She said she now wonders what will the US government do to stop hate crimes against minorities. [Continue reading…]
McClatchy reports: Kansas doesn’t have any hate crime statutes so the FBI was called in to investigate possible civil rights violations.
The shooting set off a wave of fear throughout the local Indian community and even got the attention of India’s government, which has promised to keep tabs on the investigation’s progress.
Kansas lawmakers immediately condemned what they saw as an act of prejudice and “cowardly” xenophobia.
“I am very disturbed by last night’s shooting in Olathe,” said U.S. Sen. Jerry Moran, R-Kan. “I strongly condemn violence of any kind, especially if it is motivated by prejudice and xenophobia.”
Rep. Kevin Yoder, a Republican who represents Olathe, called the attack “a senseless tragedy,” praised the “vibrant Indian-American community” and said diverse political and religions views are what make Kansas great. [Continue reading…]
Earlier this month, NBC Miami reported: An ex-convict who posted anti-Islamic rants online pleaded no contest and was sentenced to 30 years in prison on Monday for setting fire to a mosque that the Orlando nightclub shooter attended occasionally.
[Joseph] Schreiber, who is Jewish, posted on Facebook last July that “All Islam is radical” and that all Muslims should be treated as terrorists and criminals.
Prosecutor Steve Gosnell said Schreiber, 32, confessed to detectives that he set the fire, saying he believed Muslims “are trying to infiltrate our government” and that “the teaching of Islam should be completely, completely illegal.” [Continue reading…]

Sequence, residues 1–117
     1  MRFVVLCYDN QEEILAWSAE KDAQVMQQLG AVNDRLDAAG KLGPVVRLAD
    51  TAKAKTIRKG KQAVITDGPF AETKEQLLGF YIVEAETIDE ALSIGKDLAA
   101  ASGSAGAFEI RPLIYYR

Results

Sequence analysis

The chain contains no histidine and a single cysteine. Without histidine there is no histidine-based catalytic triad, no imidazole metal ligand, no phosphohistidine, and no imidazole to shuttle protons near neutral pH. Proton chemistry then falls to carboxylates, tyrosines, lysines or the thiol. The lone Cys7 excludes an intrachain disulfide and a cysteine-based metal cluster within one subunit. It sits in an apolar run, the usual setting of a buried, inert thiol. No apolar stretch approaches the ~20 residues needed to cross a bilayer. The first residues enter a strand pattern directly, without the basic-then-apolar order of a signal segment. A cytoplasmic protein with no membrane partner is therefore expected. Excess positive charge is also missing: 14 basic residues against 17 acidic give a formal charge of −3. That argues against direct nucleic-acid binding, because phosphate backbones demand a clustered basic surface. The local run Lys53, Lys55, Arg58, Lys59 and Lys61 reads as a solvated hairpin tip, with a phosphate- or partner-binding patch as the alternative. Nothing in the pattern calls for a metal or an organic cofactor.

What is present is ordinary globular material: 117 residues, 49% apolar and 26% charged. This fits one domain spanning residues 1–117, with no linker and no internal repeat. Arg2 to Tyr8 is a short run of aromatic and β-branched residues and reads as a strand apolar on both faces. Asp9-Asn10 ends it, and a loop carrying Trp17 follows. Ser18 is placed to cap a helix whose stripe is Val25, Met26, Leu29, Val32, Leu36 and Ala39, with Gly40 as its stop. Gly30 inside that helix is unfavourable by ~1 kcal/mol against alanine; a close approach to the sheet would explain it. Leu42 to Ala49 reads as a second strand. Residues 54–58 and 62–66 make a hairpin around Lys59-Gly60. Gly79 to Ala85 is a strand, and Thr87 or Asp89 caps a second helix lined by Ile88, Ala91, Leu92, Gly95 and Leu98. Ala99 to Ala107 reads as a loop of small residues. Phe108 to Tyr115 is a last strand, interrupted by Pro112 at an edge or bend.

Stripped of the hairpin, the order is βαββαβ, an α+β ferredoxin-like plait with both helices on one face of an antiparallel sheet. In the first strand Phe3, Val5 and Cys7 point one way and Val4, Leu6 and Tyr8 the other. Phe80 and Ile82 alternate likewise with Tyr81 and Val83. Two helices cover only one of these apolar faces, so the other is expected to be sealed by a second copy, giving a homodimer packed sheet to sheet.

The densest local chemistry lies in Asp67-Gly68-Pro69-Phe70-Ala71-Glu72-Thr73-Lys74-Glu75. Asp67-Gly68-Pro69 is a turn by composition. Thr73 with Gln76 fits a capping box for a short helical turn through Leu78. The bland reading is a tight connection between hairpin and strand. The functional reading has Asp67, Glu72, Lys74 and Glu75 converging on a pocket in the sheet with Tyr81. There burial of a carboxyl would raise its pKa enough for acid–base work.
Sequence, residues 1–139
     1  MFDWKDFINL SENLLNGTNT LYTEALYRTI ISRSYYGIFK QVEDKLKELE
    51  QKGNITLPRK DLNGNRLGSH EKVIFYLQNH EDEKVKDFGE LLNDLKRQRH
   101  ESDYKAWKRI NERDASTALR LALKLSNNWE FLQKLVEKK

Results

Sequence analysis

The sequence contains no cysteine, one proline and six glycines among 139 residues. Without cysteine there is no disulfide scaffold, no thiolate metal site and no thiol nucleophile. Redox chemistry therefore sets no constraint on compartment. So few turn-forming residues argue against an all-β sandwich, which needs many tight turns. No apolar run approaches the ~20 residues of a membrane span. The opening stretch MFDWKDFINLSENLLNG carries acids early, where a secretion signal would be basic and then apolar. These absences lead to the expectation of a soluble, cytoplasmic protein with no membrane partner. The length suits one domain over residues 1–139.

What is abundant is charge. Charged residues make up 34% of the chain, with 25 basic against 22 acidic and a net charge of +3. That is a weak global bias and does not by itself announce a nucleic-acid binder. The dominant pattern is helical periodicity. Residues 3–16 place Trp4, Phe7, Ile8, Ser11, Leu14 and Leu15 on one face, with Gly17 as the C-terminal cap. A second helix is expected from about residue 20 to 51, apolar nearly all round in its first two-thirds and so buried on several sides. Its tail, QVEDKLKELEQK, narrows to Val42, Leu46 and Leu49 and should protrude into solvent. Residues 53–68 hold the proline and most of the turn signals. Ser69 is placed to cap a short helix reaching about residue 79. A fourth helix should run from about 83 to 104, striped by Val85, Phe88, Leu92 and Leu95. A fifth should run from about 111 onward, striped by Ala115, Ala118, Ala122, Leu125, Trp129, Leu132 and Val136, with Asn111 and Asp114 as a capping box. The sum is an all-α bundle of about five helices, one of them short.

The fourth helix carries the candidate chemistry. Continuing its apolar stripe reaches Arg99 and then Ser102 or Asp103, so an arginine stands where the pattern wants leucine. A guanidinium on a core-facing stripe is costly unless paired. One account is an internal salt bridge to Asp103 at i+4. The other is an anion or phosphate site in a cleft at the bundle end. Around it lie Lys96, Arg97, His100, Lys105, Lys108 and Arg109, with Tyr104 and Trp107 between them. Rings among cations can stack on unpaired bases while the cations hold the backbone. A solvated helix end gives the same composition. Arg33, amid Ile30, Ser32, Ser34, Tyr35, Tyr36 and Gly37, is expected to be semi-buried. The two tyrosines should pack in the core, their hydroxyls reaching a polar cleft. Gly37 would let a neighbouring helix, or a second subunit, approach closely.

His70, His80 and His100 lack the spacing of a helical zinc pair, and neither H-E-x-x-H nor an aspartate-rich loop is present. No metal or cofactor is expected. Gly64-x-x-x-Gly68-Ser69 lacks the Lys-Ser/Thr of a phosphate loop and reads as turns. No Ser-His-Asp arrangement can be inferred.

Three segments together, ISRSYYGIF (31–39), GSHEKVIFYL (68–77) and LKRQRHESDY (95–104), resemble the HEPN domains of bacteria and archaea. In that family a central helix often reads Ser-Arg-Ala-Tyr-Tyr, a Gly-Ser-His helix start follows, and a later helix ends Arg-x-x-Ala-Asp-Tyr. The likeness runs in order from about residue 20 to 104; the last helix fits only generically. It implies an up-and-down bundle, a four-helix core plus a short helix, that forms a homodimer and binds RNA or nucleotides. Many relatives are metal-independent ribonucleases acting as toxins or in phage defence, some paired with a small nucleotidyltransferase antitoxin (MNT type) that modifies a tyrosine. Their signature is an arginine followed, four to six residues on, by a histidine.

CNN reports: A small fire that damaged a mosque in suburban Tampa, Florida, has been ruled arson, Hillsborough County fire investigators said Friday.
The fire was reported about 2 a.m. Friday at the Islamic Society of New Tampa, fire department public information officer Corey Dierdorff said.
Firefighters arrived and quickly put out the fire at an entrance to the building, CNN affiliate WFTS reported. Nobody was injured in the blaze.
Authorities have not decided if the fire was a hate crime, but Tampa Mayor Bob Buckhorn said at a news conference: “This is no different than the wave of anti-Semitic attacks on Jewish community centers and synagogue and bomb threats that have been called in all across the country, including in Tampa over the recent months.” [Continue reading…]
Muhammad Ali Jr., 44, and his mother, Khalilah Camacho-Ali, the first wife of Muhammad Ali, were arriving at Fort Lauderdale-Hollywood International Airport on Feb. 7 after returning from speaking at a Black History Month event in Montego Bay, Jamaica. They were pulled aside while going through customs because of their Arabic-sounding names, according to family friend and lawyer Chris Mancini.
Immigration officials let Camacho-Ali go after she showed them a photo of herself with her ex-husband, but her son did not have such a photo and wasn’t as lucky. Mancini said officials held and questioned Ali Jr. for nearly two hours, repeatedly asking him, “Where did you get your name from?” and “Are you Muslim?”
When Ali Jr. responded that yes, he is a Muslim, the officers kept questioning him about his religion and where he was born. Ali Jr. was born in Philadelphia in 1972 and holds a U.S. passport. [Continue reading…]